We have yet to answer the initial question of why.  Looking at our historical literary antecedents we have Merlin, who may or may not carry a staff depending upon the interpretation.  Nicole Williamson's Merlin from Boorman's Excalibur carried a staff which he never used as a weapon but did use for some nice pyrotechnics.  Gandalf, of course, is one of the great models for the fantasy wizard.  Gandalf, when he first appears in The Hobbit, carries a staff.  He soon gains his famous sword Glamdring, but in Peter Jackson's Lord of the Rings trilogy we see Gandalf fight with sword, staff, and both at the same time.  As Gandalf's initial image was based upon Odin, who enjoyed wandering Midgard as a mysterious traveler with his sacred spear, Gungnir, disguised as a walking staff, it is likely that it is Gandalf the wanderer that inspired this concept in gaming.  The image of the wizard with a staff is as evocative as the barbarian with a sword.  Is this why?
Gandalf clearly has something to say about this whole "staff" thing.

Well partly.  To get the answer we must delve deeper.  We must return to those thrilling days of 1974 in Battlecreek, Michigan.  We must return to Dungeons and Dragons, the Original version.  OD&D was a very simple game by modern standards.  In order to play it properly one needed to be familiar with tabletop wargaming and specifically Chainmail, TSR's first big product.  Chainmail was meant to simulate medieval warfare and as such it had a variety of weapons in its charts but not a quarterstaff.  This is logical in the quarterstaff just doesn't seem to show up in the army lists of history, despite its common use since the dark ages.  In the initial release of DnD the wizard class was limited to a single weapon, the dagger.  There were magical staves however, and these were not so much weapons as weaponized magical items for wizards only.  Usually they contained charges and multiple spells and bonus powers and such.  The wizard and his staff were a force with which to be reckoned.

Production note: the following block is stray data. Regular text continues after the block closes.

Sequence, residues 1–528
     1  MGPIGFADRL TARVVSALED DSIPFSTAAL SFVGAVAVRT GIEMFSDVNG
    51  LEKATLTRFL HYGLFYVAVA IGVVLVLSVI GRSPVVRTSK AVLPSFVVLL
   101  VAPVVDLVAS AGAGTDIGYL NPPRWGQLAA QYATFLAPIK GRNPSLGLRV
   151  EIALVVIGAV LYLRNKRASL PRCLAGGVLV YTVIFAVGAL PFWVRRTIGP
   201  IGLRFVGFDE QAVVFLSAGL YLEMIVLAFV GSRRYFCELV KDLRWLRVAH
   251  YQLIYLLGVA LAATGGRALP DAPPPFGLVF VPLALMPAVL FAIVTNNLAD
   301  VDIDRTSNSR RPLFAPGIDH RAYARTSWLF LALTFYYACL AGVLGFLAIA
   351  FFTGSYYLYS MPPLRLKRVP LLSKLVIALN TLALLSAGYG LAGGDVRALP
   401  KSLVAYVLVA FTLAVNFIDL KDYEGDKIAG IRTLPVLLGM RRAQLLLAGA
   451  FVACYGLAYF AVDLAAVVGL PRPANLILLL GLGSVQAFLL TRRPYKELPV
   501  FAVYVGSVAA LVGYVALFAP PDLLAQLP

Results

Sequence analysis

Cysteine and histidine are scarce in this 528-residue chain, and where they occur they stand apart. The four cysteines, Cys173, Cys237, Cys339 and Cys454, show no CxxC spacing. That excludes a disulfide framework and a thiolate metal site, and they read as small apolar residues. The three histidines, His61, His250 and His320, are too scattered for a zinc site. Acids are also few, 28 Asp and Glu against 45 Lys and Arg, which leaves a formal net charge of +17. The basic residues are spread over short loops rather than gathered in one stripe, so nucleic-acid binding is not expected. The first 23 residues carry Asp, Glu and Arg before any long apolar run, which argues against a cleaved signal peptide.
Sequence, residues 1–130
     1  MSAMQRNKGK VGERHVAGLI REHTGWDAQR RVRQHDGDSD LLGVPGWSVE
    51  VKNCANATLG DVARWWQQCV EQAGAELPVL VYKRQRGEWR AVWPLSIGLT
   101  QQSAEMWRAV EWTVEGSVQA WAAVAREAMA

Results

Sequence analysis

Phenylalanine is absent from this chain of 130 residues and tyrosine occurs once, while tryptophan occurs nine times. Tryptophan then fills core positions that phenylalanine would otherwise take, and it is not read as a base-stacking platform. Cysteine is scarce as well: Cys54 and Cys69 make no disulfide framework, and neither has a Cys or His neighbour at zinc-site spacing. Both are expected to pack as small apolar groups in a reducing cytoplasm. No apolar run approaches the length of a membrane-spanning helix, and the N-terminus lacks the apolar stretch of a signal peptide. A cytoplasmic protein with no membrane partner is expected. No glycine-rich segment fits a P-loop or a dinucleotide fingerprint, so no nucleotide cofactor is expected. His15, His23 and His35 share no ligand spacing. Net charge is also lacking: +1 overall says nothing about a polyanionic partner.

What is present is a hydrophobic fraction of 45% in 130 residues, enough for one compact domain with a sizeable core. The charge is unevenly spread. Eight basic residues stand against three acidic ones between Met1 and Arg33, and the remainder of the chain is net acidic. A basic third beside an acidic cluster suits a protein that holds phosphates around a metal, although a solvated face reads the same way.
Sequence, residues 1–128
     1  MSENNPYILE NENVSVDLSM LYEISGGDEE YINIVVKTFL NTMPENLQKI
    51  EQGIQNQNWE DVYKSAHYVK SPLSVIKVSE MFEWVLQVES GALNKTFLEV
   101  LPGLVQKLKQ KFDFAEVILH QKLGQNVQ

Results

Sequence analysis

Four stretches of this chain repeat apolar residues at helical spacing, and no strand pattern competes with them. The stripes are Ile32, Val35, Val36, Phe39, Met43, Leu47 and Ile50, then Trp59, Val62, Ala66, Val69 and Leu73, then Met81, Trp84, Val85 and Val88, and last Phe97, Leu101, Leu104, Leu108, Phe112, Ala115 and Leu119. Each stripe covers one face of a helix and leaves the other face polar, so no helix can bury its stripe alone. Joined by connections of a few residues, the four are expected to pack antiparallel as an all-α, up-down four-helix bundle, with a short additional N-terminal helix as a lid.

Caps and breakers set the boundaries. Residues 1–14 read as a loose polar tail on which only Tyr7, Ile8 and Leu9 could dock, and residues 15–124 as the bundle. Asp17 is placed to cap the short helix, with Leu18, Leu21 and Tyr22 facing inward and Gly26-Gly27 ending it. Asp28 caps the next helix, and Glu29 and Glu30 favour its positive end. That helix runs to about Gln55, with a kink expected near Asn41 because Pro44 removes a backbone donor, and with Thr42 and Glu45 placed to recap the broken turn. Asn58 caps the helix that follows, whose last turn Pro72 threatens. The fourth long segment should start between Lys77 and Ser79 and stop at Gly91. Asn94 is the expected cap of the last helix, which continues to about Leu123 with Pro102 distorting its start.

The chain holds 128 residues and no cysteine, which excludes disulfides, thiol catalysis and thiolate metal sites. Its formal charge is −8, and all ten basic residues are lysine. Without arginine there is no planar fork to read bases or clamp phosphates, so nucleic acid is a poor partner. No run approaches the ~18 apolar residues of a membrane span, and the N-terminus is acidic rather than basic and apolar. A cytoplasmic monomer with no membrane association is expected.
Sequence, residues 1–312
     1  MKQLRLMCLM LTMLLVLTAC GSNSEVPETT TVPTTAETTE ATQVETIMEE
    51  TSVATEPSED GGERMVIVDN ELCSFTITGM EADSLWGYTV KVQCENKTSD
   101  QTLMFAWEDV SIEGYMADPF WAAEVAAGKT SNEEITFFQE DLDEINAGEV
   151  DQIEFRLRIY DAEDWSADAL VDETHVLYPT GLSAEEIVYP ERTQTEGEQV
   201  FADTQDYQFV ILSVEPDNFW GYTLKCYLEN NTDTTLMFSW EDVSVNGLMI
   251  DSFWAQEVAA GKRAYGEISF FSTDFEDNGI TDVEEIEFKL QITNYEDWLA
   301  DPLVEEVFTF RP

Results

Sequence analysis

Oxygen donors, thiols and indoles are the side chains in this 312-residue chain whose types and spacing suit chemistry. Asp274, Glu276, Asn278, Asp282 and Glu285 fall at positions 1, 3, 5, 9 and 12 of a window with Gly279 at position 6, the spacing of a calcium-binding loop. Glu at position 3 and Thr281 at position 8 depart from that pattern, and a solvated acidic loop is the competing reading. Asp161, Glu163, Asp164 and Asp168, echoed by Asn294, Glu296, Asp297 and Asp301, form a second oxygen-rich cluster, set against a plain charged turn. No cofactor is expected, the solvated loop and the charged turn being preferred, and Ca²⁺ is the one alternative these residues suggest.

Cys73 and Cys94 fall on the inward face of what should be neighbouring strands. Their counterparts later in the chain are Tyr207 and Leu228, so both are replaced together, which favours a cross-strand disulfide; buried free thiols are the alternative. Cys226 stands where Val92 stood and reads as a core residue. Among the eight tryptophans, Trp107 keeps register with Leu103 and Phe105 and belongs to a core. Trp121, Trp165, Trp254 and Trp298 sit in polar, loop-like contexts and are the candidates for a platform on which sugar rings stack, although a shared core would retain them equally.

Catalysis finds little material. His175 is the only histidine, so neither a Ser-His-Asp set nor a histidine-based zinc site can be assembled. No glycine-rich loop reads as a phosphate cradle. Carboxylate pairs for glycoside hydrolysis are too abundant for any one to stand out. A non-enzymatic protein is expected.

By the time AD&D 1st edition came out the quarterstaff was a weapon on the charts and was one of the few weapons a wizard could wield along with his trusty dagger and darts.  Yes, wizards spend plenty of time in pubs and are all fiends for a good game of darts.  Dungeons and Dragons was the first, but once it took off plenty of games began to hit the market.  Not every game treated the staff in the same manner as DnD had done.  Games of the more generic variety, like GURPS, treated staves as power batteries, storing power for the use of the wizard.  Indeed if a game uses power points wands, rods, and staves are more likely to be power batteries than spell storage devices.  Sometimes they are both.  Now if you are starting a 1st level character and you get to pick one weapon to know how to use from a very small list what are you going to choose?  Tiny knife that requires you to get in close and personal or 6 odd foot of oak?  Yeah, it's like a shotgun; very psychologically comforting.  Unfortunately due to the logic of gaming if you sharpen one end of it into a point it suddenly becomes a spear and just as suddenly your wizard cannot fathom how to use it in combat.  Seriously.  You have been warned.